>Wednesday I volunteered at a refugee center in Taksim. Atatürk is famous for coining the phrase “happy is he who can say he is a Türk.” The converse is that it really sucks if you are not Turkish- especially for Ghanaian, Sudanese, and Sri Lankan refugees who illegally immigrated to Istanbul. However, despite living in poverty and facing prejudice everyday, the refugee children I played with were full of joy and appreciation for what little they did have. Spending the day with them was both a joyful and heart breaking experience.

Sadly, racism extends to indigenous minorities as well, as I discovered playing Tavla with a new Kurdish friend. His people represent over 25 percent of the population of Turkey, yet relations are comparable to pre-civil rights conditions in the American South.

In my limited experience, racism is a cultural transcendent, meaning that it is present in every country amongst every ethnic group. The Bible explains the cause of such evils to be human depravity- the image of God shattered and corrupted. While human and civil right movements may alleviated the consequences of racism to varying degrees, I believe true peace and reconciliation is only possible through Jesus’ death and Resurrection.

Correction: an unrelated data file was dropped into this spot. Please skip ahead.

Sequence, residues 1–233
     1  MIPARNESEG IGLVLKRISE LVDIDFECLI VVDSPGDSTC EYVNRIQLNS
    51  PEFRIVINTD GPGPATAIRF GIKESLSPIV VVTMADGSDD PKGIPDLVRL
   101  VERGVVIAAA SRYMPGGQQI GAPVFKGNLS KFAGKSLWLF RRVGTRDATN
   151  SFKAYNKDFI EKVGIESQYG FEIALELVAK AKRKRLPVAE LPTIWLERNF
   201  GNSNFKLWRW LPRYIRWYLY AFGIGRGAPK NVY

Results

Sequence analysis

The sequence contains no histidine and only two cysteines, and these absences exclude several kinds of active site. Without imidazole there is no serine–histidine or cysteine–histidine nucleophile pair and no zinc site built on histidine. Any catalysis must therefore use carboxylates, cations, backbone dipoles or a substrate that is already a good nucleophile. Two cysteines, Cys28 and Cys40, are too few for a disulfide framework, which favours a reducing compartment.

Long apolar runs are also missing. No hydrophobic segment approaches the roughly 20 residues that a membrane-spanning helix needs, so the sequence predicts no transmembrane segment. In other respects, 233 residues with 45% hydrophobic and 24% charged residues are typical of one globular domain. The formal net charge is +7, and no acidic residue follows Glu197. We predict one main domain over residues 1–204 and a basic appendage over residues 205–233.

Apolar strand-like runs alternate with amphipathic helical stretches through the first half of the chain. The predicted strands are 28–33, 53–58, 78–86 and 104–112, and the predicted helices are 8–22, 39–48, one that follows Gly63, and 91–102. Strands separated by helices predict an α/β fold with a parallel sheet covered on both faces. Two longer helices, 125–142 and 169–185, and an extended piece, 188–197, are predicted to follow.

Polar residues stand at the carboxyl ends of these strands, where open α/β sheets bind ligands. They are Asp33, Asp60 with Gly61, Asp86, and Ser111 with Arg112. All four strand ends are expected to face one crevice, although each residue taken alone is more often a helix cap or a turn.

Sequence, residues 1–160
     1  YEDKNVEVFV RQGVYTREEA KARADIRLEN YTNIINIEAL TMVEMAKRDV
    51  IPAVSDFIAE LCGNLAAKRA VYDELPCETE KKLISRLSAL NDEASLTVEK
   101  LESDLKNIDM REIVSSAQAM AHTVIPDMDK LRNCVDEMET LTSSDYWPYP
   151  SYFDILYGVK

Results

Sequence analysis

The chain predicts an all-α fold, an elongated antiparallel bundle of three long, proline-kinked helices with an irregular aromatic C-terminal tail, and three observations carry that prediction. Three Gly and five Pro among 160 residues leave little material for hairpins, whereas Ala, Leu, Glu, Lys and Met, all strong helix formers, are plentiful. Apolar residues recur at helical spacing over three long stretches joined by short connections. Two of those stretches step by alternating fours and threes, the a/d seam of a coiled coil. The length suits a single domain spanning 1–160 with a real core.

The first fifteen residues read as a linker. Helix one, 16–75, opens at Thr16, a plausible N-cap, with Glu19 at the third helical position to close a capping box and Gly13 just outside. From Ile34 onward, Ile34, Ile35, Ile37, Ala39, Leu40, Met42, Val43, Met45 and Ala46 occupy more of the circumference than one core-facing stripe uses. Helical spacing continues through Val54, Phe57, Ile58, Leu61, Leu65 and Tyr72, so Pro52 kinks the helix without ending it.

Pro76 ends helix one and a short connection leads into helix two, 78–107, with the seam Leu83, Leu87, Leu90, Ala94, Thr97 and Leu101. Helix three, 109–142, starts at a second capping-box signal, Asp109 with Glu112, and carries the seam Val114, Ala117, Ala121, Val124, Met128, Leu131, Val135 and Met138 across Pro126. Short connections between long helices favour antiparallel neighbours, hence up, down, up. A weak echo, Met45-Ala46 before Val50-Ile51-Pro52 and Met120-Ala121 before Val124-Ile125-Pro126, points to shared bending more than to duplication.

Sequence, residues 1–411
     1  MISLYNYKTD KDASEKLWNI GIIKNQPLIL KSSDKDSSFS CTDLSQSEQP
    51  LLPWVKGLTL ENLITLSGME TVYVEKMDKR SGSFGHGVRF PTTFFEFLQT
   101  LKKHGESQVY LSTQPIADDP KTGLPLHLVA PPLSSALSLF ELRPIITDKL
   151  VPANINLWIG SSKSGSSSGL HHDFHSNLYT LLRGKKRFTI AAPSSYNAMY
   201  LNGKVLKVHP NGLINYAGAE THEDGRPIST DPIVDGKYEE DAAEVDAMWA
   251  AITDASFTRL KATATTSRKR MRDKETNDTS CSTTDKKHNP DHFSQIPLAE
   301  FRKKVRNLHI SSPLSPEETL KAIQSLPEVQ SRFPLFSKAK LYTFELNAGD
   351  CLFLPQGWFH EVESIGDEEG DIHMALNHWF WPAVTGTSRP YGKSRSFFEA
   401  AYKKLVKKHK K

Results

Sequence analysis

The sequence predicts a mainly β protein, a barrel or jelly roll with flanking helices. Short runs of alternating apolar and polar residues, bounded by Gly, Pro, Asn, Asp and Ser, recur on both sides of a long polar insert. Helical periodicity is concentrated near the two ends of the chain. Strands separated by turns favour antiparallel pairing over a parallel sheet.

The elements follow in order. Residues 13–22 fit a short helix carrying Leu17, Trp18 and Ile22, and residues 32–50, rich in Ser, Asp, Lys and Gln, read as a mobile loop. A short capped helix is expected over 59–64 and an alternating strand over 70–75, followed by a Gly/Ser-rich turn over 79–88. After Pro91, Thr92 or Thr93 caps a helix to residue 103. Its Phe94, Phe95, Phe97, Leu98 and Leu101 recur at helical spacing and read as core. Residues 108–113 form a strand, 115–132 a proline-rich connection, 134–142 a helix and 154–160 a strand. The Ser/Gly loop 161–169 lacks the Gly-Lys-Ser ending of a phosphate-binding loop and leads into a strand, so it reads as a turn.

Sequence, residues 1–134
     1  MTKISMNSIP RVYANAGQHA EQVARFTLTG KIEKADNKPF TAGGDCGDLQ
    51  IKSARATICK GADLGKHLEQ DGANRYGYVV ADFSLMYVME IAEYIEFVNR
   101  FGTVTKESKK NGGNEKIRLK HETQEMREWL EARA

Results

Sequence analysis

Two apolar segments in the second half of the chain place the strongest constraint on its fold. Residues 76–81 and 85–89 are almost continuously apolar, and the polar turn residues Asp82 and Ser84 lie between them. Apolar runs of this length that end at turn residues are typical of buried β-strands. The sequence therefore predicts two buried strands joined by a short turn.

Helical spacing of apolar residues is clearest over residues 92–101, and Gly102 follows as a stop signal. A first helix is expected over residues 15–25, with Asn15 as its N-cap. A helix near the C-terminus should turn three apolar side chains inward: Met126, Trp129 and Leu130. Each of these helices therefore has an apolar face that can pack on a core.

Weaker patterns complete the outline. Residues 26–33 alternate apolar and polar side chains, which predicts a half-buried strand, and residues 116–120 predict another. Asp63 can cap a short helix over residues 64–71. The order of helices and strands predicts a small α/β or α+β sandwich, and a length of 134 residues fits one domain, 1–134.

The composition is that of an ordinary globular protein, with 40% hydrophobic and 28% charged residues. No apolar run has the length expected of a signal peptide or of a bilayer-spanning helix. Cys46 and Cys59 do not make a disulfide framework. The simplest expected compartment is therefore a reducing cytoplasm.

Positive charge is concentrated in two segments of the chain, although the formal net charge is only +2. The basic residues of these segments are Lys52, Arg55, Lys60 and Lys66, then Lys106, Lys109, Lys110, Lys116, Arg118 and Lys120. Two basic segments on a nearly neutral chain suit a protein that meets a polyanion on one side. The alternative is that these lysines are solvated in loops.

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About mjbutterworth

I love drinking/making coffee, making/listening to music, riding bicycles, and reading about theology. I also like blogs that talk about those things. Most of all, I love Jesus because his gospel has changed my life.
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